Indianapolis —It seemed like it was too much for Michigan.
Too many offensive rebounds and second-chance points allowed. Too much length and interior power to contend with.
Then Moritz Wagner and D.J. Wilson took over.
Wagner poured in a career-high 26 points and Wilson had four game-sealing free throws and a last-second block as seventh-seeded Michigan overcame a nine-point second-half deficit to oust No. 2 seed Louisville, 73-69, in a second-round NCAA Tournament game at Bankers Life Fieldhouse.
Michigan (26-11) advances to the Sweet 16 for the third time in five years and marches on to Kansas City, Mo. The Wolverines will face No. 3 Oregon at 7 p.m. Thursday.
“We all love the big moment,” senior guard Derrick Walton Jr. said, “and tonight was D.J. and Moe’s night.”
Facing an eight-point deficit at halftime, Michigan coach John Beilein had one message for his team: Hit singles.
Wagner and Wilson (17 points) combated Louisville’s length and began to chip away in the second half, combining to score 10 points on close-range shots to keep Michigan close, 45-38, with 15:19 remaining.
Louisville (25-9) pulled ahead by nine twice and appeared on the cusp of breaking it open, but Michigan clawed right back in it with a 15-4 flurry. Muhammad-Ali Abdur-Rahkman and Zak Irvin (11 points) connected on back-to-back layups and Irvin capped it with a mid-range jumper as Michigan scored six straight to trim it to 47-44 with 12:39 to play.
Wilson continued the push by burying Michigan’s first 3-point attempt of the half. Abdur-Rahkman followed with two free throws and an offensive putback to give the Wolverines a 53-51 advantage at the 8:54 mark and their first lead since the opening minute of the game.
Senior guard talks about beating the No. 2-seeded Cardinals, 73-69, Sunday to advance to the Sweet 16.
After Louisville managed to tie it at 55 on a driving layup by Tony Hicks, Wagner and Walton (10 points) hit consecutive 3-pointers and Wagner scored on another layup to put Michigan ahead, 63-57, with 4:58 to play.
“Moe just has the mentality of he's not scared in the moment, and I think you definitely saw that,” Wilson said. “Down the stretch, when he got the ball, he knew he was going to make a play, and we watched him.”
Louisville swung back with a Deng Adel layup and a Mangok Mathiang hook to make it a one-possession game, 64-61, with 2:33 left.
Wagner answered by splitting two free throws, scoring on a driving layup and drawing an offensive foul on Jaylen Johnson in the post to give Michigan a 67-61 advantage with 1:18 remaining.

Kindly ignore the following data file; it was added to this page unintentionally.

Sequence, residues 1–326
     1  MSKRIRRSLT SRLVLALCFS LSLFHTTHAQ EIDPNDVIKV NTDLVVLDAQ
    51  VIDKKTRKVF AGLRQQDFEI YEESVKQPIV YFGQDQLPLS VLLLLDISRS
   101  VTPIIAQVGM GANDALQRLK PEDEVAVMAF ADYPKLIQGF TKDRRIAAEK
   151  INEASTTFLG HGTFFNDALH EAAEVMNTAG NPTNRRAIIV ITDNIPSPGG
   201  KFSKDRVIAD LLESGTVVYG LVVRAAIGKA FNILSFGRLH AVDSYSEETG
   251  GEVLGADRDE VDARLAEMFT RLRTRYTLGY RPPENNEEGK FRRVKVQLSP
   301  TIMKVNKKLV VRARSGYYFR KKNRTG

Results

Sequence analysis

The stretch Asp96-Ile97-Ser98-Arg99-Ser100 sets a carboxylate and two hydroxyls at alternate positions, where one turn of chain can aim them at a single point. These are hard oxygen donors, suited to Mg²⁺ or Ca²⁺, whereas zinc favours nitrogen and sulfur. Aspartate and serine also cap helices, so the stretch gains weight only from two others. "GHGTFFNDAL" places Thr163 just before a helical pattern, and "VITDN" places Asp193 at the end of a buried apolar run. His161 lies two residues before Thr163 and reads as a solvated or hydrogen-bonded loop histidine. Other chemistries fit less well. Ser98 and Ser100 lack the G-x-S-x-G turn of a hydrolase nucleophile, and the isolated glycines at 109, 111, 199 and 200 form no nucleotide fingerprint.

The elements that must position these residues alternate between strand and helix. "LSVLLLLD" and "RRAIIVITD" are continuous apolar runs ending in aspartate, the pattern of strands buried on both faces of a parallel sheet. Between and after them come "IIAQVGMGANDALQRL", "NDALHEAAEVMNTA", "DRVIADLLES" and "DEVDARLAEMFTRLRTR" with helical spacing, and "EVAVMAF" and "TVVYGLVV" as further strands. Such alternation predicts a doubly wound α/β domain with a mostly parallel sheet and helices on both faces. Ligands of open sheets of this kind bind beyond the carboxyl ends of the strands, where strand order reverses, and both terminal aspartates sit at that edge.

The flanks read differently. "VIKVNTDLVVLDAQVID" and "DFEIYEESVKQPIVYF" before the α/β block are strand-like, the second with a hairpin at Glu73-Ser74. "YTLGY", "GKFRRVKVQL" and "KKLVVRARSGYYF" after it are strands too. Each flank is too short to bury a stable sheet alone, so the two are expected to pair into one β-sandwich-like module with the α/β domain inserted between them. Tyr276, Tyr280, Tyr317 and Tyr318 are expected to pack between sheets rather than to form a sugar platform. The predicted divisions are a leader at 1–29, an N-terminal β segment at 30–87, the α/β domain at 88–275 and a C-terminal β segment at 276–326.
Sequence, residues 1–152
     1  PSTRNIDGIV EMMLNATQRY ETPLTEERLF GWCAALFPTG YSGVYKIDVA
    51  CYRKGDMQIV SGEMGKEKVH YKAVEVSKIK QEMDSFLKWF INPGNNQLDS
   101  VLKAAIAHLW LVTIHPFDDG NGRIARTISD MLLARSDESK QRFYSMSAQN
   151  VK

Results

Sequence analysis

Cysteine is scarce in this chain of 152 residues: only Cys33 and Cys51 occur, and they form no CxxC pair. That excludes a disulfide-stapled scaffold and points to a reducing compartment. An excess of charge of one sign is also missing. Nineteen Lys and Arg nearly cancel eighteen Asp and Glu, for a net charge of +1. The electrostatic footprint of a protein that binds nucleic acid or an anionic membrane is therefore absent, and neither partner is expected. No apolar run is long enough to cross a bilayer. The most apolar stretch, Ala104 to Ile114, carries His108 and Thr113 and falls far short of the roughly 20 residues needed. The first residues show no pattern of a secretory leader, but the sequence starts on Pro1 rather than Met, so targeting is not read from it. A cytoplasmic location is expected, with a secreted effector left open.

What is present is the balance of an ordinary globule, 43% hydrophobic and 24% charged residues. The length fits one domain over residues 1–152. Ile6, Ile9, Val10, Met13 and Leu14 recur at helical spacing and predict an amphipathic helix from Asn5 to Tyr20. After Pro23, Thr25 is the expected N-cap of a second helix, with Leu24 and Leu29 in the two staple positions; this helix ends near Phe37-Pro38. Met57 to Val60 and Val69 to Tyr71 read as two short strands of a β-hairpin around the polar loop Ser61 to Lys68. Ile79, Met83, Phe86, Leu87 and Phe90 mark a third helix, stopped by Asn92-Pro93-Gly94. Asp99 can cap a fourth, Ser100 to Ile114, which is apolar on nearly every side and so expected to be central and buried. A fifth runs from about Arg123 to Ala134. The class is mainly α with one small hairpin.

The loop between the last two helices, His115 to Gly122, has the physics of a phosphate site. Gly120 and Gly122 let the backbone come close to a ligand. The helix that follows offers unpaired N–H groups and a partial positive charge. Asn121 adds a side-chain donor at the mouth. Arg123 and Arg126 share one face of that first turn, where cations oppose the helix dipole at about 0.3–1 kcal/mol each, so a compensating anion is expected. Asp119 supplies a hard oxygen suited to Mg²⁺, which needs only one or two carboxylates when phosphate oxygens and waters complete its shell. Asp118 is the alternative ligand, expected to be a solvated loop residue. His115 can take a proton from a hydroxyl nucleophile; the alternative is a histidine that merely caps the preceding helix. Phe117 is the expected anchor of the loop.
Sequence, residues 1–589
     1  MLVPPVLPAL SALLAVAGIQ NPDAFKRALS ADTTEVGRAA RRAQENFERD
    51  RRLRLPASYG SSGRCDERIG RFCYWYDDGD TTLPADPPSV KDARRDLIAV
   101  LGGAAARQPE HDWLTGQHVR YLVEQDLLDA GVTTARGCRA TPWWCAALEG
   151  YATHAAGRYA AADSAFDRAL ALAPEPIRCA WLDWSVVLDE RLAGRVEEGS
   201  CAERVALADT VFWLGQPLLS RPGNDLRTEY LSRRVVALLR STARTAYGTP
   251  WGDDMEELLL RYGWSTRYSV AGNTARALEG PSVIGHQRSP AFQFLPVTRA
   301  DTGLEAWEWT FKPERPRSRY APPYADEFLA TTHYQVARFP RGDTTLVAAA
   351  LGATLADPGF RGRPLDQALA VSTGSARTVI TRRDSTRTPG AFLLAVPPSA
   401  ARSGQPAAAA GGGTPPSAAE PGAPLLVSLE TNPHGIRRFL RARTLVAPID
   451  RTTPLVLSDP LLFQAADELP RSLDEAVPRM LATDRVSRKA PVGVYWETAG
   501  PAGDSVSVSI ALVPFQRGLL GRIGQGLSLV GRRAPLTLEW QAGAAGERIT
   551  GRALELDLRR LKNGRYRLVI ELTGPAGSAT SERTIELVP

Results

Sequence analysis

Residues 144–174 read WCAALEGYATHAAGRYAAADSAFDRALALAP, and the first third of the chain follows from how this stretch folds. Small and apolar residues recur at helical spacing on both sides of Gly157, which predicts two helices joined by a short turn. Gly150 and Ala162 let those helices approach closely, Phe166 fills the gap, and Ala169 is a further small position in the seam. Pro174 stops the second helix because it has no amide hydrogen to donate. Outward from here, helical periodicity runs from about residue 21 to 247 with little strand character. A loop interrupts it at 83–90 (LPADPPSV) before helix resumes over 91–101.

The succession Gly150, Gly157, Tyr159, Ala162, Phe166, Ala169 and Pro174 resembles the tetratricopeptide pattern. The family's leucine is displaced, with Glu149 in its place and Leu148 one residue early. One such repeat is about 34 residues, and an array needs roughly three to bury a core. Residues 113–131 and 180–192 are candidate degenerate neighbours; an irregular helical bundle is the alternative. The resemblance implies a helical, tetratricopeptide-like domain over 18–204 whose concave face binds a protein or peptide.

Louisville tightened the game as Adel scored on a driving layup and a Michigan turnover on the inbounds pass led to a Donovan Mitchell layup, cutting it to 67-65 with 56 seconds to go.
But Walton, who struggled offensively throughout much of the game, countered on the ensuing possession and scored on a driving layup with 29 seconds remaining.
“I felt like every shot I shot today was a great shot, and I know Coach B would yell at me if I started to defer,” Walton said. “After they made play after play after play, I just told them I could bring it home and hit the shot. I hit the jump shot, and I hit the layup. He looked at me.
“I feed off those guys to give me so much confidence. I knew if I stopped shooting, they'd be mad at me.”
Over the final 17 seconds, Wilson sealed it by knocking down four pressure-packed free throws and blocking Mitchell’s last-second 3-pointer.
“Our play is kind of contagious out on the floor. I feed off his energy. He feeds off mine,” Wilson said of Wagner. “Down the stretch, when we pulled out the victory, I was as happy as I could have possibly be.”
Wilson opened with the hot hand and was Michigan’s lone source of offense in the first four minutes. He started the scoring with a mid-range jumper, soared in for a transition layup on outlet pass from Walton and followed with a hook shot in the paint as Louisville took an early 7-6 edge with 16:18 left in the first half.
Louisville’s length and interior power began to take its toll against Michigan. Johnson scored on a driving layup, Mathiang got deep in the paint for a three-point play and Adel drained a 3-pointer to push Louisville’s lead to 15-8 at the 14:22 mark.
Irvin and Mark Donnal each hit a 3-pointer to pull Michigan within three at 17-14 but then the Wolverines went cold. Michigan missed its next six straight field goals attempts and went roughly five minutes without scoring a point as Louisville began adding some separation.
Wagner snapped drought with a spin move and layup and got loose for another layup to cut the deficit to 21-18 with 7:16 left in the half. Louisville was mired in its own four-minute scoring drought at the time that ended with a one-handed, posterizing dunk by Adel over Wilson in transition to push its lead to five at the 5:23 mark.
Wagner continued to be assertive in the post, scoring on another driving layup to tie it at 28 and draw a roaring cheer from the Michigan fans with 1:40 remaining.
But Louisville closed on an 8-0 over the final 1:10 to put the Wolverines in a 36-28 hole at the break, leading to Beilein’s halftime message and adjustments that helped change the game.
"We're going to do everything we can to win this whole thing,” Beilein said. “We have to have that belief in ourselves that we can play with a lot of people and I don't even know who is next, but I know we're going to go into this thing not content with what we've done. We’ve got more to do."
Michigan vs. Oregon
What: Michigan vs. Oregon in a semifinal of the Midwest Region.
When: 7:09 p.m. Thursday
TV/radio: CBS/WWJ 950
Seedings/records: No. 7 Michigan 26-11, No. 3 Oregon 31-5
At stake: Spot in Midwest Region final against Kansas-Purdue winner.